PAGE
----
Archduchess Maria Theresa of Austria (1762–1770)
20 March 1762|
Schönbrunn Palace, Vienna
|Died||23 January 1770
Schönbrunn Palace, Vienna
|Father||Joseph II, Holy Roman Emperor|
|Mother||Princess Isabella of Parma|
Archduchess Maria Theresa of Austria (German: Maria Theresia Elisabeth Philippine Luise Josepha Johanna, English: Maria Theresa Elisabeth Philippine Louise Josepha Joan; 20 March 1762 – 23 January 1770) was a daughter of Joseph II, Holy Roman Emperor, and his first wife, Isabella of Parma.
Maria Theresa's parents, Crown Prince Joseph (future Holy Roman Emperor) and Princess Isabella of Parma were married in Vienna on 16 October 1760. In late 1761, Isabella became pregnant and on 20 March 1762, she delivered a daughter who was christened Maria Theresia Elisabeth Philippine Louise Josephe Johanna and was styled Archduchess of Austria. On her maternal side, little Maria Theresa descended from people such as the first Bourbon King of Spain, Philip V of Spain. On her paternal side, she descended from the famous Maria Theresa and her husband, Francis I, Holy Roman Emperor. Her ancestors could be traced to as far as Charles I Magnus, a ninth-century Holy Roman Emperor. When the little archduchess was a little over a year old, her mother died a week after giving birth to Archduchess Marie Christine, who died a few moments after being born. Her father was inconsolable and found refuge in his young daughter, whom he referred to as his "second self". Maria Theresa was also close to her youngest paternal aunt, Archduchess Maria Antonia, just seven years her senior. She was Maria Theresa's first grandchild.
Just a few months short of her eighth birthday, Archduchess Maria Theresa became ill with pleurisy. Her father, by that time Holy Roman Emperor, did everything in his power to save her and attended her bedside even at night. However, the medicine in those days was highly undeveloped and Archduchess Maria Theresa died on 23 January 1770 from a very high fever. Her father was heartbroken. When Khevenhüller had to disturb Joseph in order to make the arrangements for the funeral, the emperor, with tears in his eyes, told him *he had lost, so to speak, his only consolation and pleasure'.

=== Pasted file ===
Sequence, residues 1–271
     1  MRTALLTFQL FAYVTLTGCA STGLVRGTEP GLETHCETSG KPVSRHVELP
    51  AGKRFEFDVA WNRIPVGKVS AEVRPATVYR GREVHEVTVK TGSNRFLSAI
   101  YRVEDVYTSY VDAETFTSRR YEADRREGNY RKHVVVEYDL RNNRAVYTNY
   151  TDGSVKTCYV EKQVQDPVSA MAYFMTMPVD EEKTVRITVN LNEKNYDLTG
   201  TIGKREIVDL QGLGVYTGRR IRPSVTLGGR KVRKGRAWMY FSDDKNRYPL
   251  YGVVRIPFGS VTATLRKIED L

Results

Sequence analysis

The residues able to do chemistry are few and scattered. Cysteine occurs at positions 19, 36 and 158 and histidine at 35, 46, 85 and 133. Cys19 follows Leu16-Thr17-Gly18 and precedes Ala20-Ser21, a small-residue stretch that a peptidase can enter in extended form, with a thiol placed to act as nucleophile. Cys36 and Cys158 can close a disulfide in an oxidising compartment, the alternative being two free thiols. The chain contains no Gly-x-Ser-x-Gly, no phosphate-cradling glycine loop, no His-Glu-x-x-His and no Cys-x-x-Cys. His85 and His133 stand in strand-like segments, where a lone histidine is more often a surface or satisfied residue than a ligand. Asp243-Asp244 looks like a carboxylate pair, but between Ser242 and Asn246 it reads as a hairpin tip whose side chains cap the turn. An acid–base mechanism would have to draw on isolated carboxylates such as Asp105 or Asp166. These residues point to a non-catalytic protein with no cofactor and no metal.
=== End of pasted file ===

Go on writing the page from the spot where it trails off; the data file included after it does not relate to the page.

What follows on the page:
Below are excerpts from a letter from Joseph to his daughter's governess, the marquise d'Herzelles, written a few hours after the child's death;
If decency permitted, it would be with you alone that I would be pouring out the sorrow which... pierces my soul. I have ceased to be a father: it is more than I can bear. Despite being resigned to it, I cannot stop myself thinking and saying every moment: 'O my God, restore to me my daughter, restore her to me.' I hear her voice, I see her. I was dazed when the terrible blow fell. Only after I had got back to my room did I feel the full horror of it, and I shall go on feeling it all the rest of my life, since I shall miss her in everything...
As my daughter's sole heir, I have just given orders... that I should keep only her diamonds. [You are to have everything else.] One thing that I would ask you to let me have is her white dimity dressing-gown, embroidered with flowers, and some of her writings...
The death of his only and much idolized daughter confirmed Joseph in his growing misanthropy and finished the job of making him a compulsive worker.
The young Archduchess was the second of Maria Theresa's grandchildren to die, after her younger sister. It is said that, even after her death, her father kept her dresses and shoes. She was buried in the Imperial Crypt, in Vienna. Her tomb consists of a beautiful effigy that represents the young Archduchess sleeping on a bed, covered by a blanket, with her hands towards the sky in sign of prayer and surrounded by the Holy Crown of Hungary and the crown of the Holy Roman Emperor.
- Lundy, Darryl (November 7, 2004). "Maria Theresia Erzherzogin von Österreich". thePeerage.com. Retrieved January 2, 2012.
- Laurén, Ann (March 20, 2009). "18th Cent. Maria Theresa, Archduchess of Austria.". ann-lauren.blogspot.com. Retrieved January 2, 2012.
- "Marie-Therese von Habsburg-Lothringen" (in French). Roglo.eu. Retrieved January 2, 2012.
- "Maria Theresia" (in German). Kaisergruft.at. Retrieved January 2, 2012.